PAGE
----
Year after year, the drug testing industry gears up for another legislative push, ghostwriting bills for local and national lawmakers demanding testing for people who receive public assistance.  Many of these elected officials are either financially investment in these companies, or received significant financial contributions from industry organizations.  For example, in February 2012, Congress amended federal rules to allow states to drug-test select unemployment applicants.  Among the lawmakers advocating for the change was Congressman Dave Camp, who owns at least $81,000 in assets in companies that are major players in the drug-testing industry, such as LabCorp and Abbott Laboratories. He has also received $5,000 in federal campaign contributions from LabCorp over the past three years.  Abbott Laboratories spent $133,500 on campaign donations to Ohio and Texas state politician promoting drug testing to welfare recipients, in the lead-up to the 2010 and 2012 elections, in addition to more than $500,000 spent by the company on state lobbying contracts since 2010.

    The industry is once again flexing its political arm pushing for policies that mandate drug testing for welfare recipients.  Legislation has already been introduced in Virginia, New York, Arizona, Ohio, Iowa, Illinois and Mississippi, for the 2014 legislative session.

    Two of the most outspoken opponents of marijuana legalization are David Evans and Robert DuPont.  DuPont, Founder of Besinger, DuPont & Associates served as the nation’s first drug policy director under Presidents Richard Nixon and Gerald Ford.  During that time he had advocated decriminalizing marijuana and its use a “minor problem.”  Once he left public office however, he became a “drug-testing management” consultant.  David Evans worked for Hoffmann-La Roche, a multi-billion dollar drug testing group encouraging workplace drug testing policies.  He now runs his own lobby firm and has ghostwritten several state laws to expand drug testing.   Drug testing overall detects marijuana more than any other drug, which stays in the body for up to a month — as opposed to other harder drugs like cocaine and heroin, which are metabolized within one to three days. That is why they have such significant stake in keeping the plant illegal.

    The total income for all of these industries combined adds up to hundreds of billions of dollars annually, a significant amount derived from taxpayer dollars.  An industrial complex is when there is a policy and monetary relationship between legislators, the public sector and an industrial base that supports them.  Just like the military industrial complex, the prohibition industrial complex, and its cycle of laws, enforcement and contracts will pose a major challenge to reform efforts.  This will be especially true in states that don’t have ballot initiatives, which is why it is so important for everyone to get active on a local level, and hold lawmakers accountable.  Though difficult, this will not be an impossible challenge to overcome, as long as we remain diligent and active in the political process.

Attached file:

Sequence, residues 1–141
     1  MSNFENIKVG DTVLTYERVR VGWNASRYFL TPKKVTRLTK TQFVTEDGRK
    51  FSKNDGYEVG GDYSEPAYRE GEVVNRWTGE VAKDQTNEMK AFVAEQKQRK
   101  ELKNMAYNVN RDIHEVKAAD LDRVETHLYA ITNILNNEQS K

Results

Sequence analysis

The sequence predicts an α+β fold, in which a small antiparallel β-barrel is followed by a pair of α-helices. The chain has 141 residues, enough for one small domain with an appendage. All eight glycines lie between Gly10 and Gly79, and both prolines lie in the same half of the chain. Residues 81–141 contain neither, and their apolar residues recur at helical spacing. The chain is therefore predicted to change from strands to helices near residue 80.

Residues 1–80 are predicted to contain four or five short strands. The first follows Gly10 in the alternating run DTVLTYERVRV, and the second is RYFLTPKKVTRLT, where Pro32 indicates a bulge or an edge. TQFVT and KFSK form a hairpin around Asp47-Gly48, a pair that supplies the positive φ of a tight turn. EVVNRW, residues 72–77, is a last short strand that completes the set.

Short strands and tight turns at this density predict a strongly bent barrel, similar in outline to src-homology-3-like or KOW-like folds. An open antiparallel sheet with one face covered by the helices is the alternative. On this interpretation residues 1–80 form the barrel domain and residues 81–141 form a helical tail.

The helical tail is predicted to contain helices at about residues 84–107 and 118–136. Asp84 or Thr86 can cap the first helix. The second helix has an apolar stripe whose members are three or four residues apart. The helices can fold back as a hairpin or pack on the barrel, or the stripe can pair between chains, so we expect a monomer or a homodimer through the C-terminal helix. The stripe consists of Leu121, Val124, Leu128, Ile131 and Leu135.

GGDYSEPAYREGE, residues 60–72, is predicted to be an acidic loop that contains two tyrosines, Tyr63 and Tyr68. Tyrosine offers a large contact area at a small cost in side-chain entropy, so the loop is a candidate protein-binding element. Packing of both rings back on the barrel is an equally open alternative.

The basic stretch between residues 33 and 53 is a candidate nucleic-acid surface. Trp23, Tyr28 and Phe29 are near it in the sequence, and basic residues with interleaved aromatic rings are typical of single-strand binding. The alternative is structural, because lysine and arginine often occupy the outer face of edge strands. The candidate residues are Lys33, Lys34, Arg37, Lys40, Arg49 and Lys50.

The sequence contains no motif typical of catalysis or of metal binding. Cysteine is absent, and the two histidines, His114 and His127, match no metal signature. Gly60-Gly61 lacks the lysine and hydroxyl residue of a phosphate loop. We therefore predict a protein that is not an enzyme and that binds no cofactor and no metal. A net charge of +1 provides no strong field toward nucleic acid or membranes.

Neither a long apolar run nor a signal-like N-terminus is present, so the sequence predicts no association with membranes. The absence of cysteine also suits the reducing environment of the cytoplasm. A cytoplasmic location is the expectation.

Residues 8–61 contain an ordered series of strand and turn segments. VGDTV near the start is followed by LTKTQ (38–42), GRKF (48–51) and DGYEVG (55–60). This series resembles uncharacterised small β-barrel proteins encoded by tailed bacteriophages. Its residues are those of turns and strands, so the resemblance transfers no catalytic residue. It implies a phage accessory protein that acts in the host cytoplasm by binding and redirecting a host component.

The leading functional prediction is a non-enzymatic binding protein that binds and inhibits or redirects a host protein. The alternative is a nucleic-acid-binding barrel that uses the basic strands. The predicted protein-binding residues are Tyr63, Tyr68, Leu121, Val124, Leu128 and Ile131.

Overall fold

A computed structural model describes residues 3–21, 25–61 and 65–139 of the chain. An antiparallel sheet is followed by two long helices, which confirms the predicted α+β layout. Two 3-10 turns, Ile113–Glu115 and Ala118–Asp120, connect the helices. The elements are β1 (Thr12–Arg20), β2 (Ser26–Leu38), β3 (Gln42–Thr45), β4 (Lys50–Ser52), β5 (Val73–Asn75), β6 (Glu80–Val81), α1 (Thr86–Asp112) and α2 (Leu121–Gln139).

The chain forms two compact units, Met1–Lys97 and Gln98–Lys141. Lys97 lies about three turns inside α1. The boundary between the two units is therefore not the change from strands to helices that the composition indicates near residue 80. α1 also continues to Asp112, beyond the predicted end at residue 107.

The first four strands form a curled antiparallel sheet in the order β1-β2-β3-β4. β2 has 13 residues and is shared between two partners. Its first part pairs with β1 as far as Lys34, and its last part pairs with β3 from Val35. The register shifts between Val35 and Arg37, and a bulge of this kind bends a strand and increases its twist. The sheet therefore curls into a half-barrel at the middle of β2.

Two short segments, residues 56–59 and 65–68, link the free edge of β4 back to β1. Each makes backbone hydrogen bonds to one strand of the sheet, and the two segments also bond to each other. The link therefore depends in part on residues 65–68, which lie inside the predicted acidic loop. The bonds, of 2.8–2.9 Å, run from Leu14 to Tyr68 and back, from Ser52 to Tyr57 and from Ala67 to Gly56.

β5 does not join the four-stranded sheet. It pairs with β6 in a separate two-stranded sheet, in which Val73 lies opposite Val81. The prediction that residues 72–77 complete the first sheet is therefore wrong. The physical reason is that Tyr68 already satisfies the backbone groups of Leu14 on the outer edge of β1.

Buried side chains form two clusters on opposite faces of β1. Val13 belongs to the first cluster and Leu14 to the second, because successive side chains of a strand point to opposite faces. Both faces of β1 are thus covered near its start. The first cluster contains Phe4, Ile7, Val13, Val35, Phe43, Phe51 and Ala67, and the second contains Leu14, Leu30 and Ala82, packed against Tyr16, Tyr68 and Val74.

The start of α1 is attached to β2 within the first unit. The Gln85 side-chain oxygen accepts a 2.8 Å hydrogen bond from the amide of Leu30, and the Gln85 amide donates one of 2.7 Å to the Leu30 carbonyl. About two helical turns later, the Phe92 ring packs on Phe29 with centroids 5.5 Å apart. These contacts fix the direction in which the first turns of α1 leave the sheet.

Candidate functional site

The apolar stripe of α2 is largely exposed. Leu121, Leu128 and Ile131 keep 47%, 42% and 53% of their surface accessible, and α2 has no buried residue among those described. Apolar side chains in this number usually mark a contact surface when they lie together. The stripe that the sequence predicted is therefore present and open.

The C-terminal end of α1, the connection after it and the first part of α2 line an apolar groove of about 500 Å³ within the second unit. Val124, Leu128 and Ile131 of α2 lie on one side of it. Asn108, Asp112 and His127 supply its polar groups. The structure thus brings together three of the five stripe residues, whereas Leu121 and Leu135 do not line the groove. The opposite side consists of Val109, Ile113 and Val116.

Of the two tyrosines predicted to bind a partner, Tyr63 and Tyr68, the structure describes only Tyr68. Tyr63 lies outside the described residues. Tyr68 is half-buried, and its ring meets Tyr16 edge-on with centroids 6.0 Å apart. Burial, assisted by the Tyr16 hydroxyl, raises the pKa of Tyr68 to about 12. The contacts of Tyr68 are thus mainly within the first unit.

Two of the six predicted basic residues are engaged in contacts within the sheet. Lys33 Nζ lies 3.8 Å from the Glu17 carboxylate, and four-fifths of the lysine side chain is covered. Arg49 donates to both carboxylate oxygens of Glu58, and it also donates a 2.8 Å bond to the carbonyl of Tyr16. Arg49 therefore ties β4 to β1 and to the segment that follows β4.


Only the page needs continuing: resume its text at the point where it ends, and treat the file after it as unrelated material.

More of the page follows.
Please take a minute of your time today to utilize NORML’s Take Action Center to contact your representatives and urge them to support or sponsor marijuana law reform legislation.  Click here to see if there is a bill pending in your state, and here to find contact information for your elected officials. 

     

  • by Allen St. Pierre, NORML Executive Director August 2, 2012

    Infamously, America’s federally created Cannabis Prohibition marks its seventy-fifth anniversary this August 2, 2012. The so-called ‘great failed social experiment’ of Alcohol Prohibition of the 1920s barely lasted a dozen years in effect. Rightly, it took a constitutional amendment to both ban and restore alcohol products to the free market. Is there a similar constitutional amendment for cannabis products in 1937?

    No, of course not.

    And that is where the sophistry, hypocrisy and duplicity begin regarding America’s modern cannabis policy of vilifying, arresting, prosecuting and incarcerating cannabis consumers, cultivators and marketers.

    Even though virtually every other country’s farmers have the choice whether or not to cultivate industrial hemp, even in countries where cannabis policy is decidedly worse than America’s, can American farmers prosper from cultivating this environmentally-friendly and productive crop?

    No, of course not.

    Do Americans support this failed, expensive and unconstitutional public policy of criminalizing cannabis?

    No, of course not.